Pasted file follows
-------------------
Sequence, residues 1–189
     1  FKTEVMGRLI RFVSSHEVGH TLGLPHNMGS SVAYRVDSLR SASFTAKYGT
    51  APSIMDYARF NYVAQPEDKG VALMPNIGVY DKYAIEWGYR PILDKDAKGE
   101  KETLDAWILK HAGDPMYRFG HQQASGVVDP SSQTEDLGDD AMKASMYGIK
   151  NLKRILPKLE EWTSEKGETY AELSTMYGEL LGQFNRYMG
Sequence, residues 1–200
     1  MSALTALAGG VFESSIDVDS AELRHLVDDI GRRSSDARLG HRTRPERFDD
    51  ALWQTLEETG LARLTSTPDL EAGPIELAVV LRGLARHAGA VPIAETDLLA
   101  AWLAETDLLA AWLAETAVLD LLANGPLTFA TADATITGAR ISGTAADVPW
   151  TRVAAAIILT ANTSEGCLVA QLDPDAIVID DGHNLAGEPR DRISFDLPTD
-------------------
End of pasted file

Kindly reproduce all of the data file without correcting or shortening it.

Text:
Sequence, residues 1–189
     1  FKTEVMGRLI RFVSSHEVGH TLGLPHNMGS SVAYRVDSLR SASFTAKYGT
    51  APSIMDYARF NYVAQPEDKG VALMPNIGVY DKYAIEWGYR PILDKDAKGE
   101  KETLDAWILK HAGDPMYRFG HQQASGVVDP SSQTEDLGDD AMKASMYGIK
   151  NLKRILPKLE EWTSEKGETY AELSTMYGEL LGQFNRYMG
Sequence, residues 1–200
     1  MSALTALAGG VFESSIDVDS AELRHLVDDI GRRSSDARLG HRTRPERFDD
    51  ALWQTLEETG LARLTSTPDL EAGPIELAVV LRGLARHAGA VPIAETDLLA
   101  AWLAETDLLA AWLAETAVLD LLANGPLTFA TADATITGAR ISGTAADVPW
   151  TRVAAAIILT ANTSEGCLVA QLDPDAIVID DGHNLAGEPR DRISFDLPTD